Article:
Katherine: Like craters.

 

Daniel: Yeah, exactly!

 

Katherine: They’ve got seeds in them that have amazing properties, medicinal properties. I mean, I have to say, I wouldn't be the expert on exactly what they cure, but they certainly do have properties. And the roots,  I also used to eat, in fact I had and was served beautiful Korean cashmere when I was working with my voyageurs there from the lotus roots, which was delicious. The leaves themselves are used to put rice in, you know, instead of plates.

 

So, in fact, you know, and people may say it was bad to pick flowers, but actually, you know, there's so many uses these flowers. And it's not like they don't regrow back very quickly. So I think for that reason it's a very sustainable crop and it doesn't use fertilizers. It grows naturally. So, it's basically picked by hand. And as you can see down, if you scroll down, there's a picture of the fiber coming out. And I do this by hand, so you can actually watch this in the workshop. And there's somebody jobs just to do that.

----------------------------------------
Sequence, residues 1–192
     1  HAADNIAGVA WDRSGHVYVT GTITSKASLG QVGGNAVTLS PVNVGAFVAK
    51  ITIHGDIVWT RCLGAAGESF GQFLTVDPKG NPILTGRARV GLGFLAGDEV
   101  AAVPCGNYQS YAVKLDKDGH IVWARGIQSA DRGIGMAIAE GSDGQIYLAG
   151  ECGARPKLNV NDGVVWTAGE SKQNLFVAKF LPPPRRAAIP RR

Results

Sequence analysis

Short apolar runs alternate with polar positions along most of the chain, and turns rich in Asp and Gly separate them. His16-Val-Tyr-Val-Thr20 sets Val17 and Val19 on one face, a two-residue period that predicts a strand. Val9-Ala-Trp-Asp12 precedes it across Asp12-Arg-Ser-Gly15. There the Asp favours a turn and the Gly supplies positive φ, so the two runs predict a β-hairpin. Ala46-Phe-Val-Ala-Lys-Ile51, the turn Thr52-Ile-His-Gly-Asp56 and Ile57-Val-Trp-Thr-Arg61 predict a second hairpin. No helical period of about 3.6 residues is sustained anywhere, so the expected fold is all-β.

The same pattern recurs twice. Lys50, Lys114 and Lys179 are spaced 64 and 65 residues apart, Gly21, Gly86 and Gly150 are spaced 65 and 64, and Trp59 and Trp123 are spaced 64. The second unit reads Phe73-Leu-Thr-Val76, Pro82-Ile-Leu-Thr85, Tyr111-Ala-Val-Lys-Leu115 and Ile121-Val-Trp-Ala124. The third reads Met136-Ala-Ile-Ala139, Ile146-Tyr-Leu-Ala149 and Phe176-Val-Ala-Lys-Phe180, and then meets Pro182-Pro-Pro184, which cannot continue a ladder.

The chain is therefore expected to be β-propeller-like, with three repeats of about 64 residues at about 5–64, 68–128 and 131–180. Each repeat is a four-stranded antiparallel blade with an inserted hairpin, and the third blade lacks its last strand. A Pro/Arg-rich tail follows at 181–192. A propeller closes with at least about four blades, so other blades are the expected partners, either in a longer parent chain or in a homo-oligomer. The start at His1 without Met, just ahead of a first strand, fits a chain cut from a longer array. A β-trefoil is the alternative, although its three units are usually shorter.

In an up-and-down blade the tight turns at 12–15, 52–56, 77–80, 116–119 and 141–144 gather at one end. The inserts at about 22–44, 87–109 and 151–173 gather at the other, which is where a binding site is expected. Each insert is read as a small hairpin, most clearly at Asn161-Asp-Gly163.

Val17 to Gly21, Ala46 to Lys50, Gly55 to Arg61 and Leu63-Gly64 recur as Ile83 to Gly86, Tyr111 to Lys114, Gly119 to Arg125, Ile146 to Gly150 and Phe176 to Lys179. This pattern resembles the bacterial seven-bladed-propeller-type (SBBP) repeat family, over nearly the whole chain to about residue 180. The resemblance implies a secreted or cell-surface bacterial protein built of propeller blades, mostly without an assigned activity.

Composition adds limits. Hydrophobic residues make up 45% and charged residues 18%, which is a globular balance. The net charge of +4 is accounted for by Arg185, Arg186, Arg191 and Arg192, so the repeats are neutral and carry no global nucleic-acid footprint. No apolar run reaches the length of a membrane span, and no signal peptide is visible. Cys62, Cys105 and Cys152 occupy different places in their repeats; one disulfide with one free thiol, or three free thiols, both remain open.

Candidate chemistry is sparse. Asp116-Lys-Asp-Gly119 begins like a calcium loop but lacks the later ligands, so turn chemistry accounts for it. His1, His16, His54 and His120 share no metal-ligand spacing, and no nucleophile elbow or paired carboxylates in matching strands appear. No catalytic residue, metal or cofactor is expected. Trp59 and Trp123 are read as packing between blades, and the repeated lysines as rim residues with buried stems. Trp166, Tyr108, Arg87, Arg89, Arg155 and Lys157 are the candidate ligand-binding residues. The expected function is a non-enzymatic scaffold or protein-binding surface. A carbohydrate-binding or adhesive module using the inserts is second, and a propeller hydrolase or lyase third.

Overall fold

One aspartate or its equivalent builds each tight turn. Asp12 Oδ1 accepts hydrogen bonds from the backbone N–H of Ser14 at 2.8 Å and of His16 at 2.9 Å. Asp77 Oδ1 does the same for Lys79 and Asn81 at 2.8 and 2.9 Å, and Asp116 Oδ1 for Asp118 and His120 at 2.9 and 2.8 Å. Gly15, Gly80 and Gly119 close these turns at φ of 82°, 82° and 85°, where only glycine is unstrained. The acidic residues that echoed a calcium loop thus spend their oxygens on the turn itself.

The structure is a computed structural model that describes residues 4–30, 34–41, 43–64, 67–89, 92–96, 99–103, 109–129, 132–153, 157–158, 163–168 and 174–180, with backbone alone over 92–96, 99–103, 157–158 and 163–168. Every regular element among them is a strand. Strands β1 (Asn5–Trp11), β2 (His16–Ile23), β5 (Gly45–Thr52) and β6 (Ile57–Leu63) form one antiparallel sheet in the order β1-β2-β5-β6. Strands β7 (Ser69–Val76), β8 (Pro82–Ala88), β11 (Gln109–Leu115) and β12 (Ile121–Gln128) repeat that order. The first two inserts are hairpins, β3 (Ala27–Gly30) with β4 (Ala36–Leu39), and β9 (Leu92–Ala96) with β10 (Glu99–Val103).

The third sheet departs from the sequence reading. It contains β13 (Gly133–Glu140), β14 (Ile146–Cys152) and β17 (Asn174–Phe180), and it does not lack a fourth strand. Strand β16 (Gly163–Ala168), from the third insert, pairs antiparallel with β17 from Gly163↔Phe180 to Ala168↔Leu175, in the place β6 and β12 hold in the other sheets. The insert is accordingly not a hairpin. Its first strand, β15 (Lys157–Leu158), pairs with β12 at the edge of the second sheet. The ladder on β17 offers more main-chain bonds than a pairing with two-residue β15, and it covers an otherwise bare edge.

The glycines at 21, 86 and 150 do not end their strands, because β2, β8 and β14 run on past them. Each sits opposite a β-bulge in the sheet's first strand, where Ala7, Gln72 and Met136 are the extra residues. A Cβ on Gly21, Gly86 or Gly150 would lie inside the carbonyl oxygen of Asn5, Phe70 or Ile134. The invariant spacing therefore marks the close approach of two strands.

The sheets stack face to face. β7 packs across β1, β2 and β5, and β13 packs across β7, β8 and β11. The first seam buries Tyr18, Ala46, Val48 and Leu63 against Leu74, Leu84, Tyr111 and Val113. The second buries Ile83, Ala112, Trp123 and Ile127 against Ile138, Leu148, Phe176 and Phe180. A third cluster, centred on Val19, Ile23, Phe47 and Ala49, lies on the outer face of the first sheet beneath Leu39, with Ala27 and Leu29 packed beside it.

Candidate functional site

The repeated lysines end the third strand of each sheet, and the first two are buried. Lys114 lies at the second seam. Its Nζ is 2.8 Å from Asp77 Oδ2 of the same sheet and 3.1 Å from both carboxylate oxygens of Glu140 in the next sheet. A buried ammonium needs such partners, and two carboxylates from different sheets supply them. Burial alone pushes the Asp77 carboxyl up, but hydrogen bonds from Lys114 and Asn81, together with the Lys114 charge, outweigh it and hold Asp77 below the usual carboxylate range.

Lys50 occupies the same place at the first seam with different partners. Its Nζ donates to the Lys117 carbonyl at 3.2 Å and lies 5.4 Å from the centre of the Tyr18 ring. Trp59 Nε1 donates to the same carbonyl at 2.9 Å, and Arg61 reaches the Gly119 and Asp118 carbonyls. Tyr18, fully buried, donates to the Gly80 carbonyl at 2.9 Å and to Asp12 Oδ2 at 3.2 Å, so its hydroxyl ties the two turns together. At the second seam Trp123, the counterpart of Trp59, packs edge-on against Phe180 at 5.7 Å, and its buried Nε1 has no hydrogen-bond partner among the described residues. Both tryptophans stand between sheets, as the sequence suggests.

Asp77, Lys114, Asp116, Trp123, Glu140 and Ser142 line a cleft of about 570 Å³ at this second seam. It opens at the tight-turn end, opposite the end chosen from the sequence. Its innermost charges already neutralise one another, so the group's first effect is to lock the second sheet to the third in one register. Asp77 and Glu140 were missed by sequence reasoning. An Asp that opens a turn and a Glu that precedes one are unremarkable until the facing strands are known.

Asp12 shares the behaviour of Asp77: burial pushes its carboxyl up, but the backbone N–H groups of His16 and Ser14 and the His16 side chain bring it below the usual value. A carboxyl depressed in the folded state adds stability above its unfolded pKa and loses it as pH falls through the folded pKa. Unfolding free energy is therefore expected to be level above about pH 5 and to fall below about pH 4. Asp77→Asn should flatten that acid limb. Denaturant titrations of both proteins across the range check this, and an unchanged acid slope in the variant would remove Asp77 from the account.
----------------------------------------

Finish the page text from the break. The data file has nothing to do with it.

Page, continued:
Daniel: Yeah! We'll link to this video, it's incredible. I mean in terms of what we're looking at here on the screen, it's basically, the stem of the flower is cut and by a like a knife or a razor and then when you pull it apart, it looks like almost like spider web.

 

Kathrine: Yeah, exactly!

 

Daniel: The strength spider web.

 

Katherine: They've got amazing structure to it and actually which is again, you know, scientific thing which sometimes goes a bit. Over my head because I’m not a scientist, but it is incredible. Yeah

 

Daniel: Is it a very strong material?